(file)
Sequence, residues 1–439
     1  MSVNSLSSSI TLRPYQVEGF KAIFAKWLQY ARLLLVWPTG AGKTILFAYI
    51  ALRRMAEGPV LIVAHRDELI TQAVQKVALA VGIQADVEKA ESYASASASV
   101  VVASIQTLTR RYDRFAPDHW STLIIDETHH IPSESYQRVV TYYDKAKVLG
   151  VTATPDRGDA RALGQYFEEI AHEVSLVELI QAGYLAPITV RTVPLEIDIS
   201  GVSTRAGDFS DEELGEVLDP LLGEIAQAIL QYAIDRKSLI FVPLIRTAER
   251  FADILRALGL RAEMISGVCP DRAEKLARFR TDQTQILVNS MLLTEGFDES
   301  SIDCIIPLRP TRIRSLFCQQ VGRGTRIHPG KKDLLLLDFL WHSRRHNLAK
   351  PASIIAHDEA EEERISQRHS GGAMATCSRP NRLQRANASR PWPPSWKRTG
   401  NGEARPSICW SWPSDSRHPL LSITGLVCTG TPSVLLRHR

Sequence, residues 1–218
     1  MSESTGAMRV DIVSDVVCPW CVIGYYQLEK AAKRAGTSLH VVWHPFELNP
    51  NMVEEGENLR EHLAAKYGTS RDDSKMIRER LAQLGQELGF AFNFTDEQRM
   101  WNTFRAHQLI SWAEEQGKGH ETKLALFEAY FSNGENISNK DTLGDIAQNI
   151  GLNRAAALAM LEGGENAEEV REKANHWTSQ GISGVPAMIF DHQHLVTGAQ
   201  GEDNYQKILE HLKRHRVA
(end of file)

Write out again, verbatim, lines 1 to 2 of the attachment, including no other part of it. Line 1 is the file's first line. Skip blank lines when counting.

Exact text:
Sequence, residues 1–439
     1  MSVNSLSSSI TLRPYQVEGF KAIFAKWLQY ARLLLVWPTG AGKTILFAYI